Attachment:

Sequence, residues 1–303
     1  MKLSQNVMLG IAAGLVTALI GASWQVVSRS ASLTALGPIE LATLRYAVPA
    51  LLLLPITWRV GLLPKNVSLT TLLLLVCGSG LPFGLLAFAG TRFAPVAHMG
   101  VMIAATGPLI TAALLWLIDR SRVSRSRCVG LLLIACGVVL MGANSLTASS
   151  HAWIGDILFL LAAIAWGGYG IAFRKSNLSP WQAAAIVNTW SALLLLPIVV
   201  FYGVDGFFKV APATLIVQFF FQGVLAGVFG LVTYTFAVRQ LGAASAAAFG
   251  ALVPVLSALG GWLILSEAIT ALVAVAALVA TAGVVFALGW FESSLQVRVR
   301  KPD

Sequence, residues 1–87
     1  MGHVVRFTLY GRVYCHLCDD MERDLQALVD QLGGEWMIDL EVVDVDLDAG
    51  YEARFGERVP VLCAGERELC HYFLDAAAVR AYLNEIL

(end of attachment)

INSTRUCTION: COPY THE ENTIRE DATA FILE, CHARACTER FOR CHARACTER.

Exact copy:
Sequence, residues 1–303
     1  MKLSQNVMLG IAAGLVTALI GASWQVVSRS ASLTALGPIE LATLRYAVPA
    51  LLLLPITWRV GLLPKNVSLT TLLLLVCGSG LPFGLLAFAG TRFAPVAHMG
   101  VMIAATGPLI TAALLWLIDR SRVSRSRCVG LLLIACGVVL MGANSLTASS
   151  HAWIGDILFL LAAIAWGGYG IAFRKSNLSP WQAAAIVNTW SALLLLPIVV
   201  FYGVDGFFKV APATLIVQFF FQGVLAGVFG LVTYTFAVRQ LGAASAAAFG
   251  ALVPVLSALG GWLILSEAIT ALVAVAALVA TAGVVFALGW FESSLQVRVR
   301  KPD

Sequence, residues 1–87
     1  MGHVVRFTLY GRVYCHLCDD MERDLQALVD QLGGEWMIDL EVVDVDLDAG
    51  YEARFGERVP VLCAGERELC HYFLDAAAVR AYLNEIL